Maintaining the books of accounts can result in a penalty of up to Rs. 25,000. Additionally, businesses with gross receipts exceeding Rs. 1 crore in a financial year must undergo a tax audit. The deadline for filing the tax audit report is September 30 of the assessment year, and it must be filed electronically via Form 3CD.
Taxpayers subject to tax audit must also file their return of income by September 30 of the assessment year. Generally, a tax audit report revision is only possible when the accounts have been revised.
Need Loan Assistance?
Connect with Loan Advisor Now!
About Income Tax
- Income Tax Slabs and Rates
- Income Tax Refund Status
- Income Tax e-filing
- ITR - Income Tax Return
- Deductions Under Section 80C
- Income Tax Customer Care
- Union Budget 2022 Highlights
- Income Tax For Senior Citizens
- Advance Tax Payment
- 80gg Deduction
- Income Tax on Pension
- Depreciation Under Income Tax Act
- Direct Tax
- Calculate Income Tax on Salary
- Income Tax Act 1961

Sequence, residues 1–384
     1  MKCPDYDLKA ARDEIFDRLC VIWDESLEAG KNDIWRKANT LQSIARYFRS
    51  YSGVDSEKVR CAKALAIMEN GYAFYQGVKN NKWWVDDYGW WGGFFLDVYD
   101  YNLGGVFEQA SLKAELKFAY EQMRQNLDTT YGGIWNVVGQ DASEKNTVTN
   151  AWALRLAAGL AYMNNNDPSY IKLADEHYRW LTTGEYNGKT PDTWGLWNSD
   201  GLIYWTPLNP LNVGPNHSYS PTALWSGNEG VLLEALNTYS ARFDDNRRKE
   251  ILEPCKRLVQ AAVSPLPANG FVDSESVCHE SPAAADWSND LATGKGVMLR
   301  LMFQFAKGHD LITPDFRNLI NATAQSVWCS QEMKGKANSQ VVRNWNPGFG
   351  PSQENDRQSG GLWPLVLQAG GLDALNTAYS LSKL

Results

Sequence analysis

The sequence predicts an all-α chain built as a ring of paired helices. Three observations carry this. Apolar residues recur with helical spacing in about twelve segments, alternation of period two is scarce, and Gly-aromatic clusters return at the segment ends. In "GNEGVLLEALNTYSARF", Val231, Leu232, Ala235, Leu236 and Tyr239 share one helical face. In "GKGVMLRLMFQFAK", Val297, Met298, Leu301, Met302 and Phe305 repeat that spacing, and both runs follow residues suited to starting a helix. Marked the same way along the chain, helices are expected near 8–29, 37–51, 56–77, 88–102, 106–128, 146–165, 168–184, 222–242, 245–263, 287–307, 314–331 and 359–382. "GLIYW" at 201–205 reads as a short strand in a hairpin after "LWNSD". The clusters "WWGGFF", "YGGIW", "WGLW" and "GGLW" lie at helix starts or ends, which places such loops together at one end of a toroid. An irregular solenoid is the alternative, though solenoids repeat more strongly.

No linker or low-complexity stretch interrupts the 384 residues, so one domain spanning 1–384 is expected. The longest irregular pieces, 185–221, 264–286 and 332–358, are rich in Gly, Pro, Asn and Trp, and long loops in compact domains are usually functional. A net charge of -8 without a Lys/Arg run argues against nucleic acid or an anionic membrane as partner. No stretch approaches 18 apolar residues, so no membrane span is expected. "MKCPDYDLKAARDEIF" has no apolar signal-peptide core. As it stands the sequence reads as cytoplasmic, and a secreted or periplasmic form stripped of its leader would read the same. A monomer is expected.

- TDS Online Payment
- GST - Goods and Services Tax
- Gratuity Tax Exemption
- Income Tax Filing Due Date
- Income Tax 143 (1) Act
- AIS Income Tax
- Income Tax Surcharge Rate
- BBMP Property Tax
- NPS Tax Benefit
- GHMC Property Tax
- Capital Gains Tax
- Employee Provident Fund
- Systematic Investment Plan
- Fixed Deposit
- Mutual Funds
- Recurring Deposit
- Systematic Investment Plan (SIP)
- Employees Provident Fund (EPF)
- Public Provident Fund (PPF)
- Voluntary Provident Fund (VPF)
- National Pension Scheme (NPS)
- National Savings Certificate (NSC)
- Senior Citizen Saving Scheme
Top 10 AMC
Top 10 Banks
FAQ's About Section 44ADA of Income Tax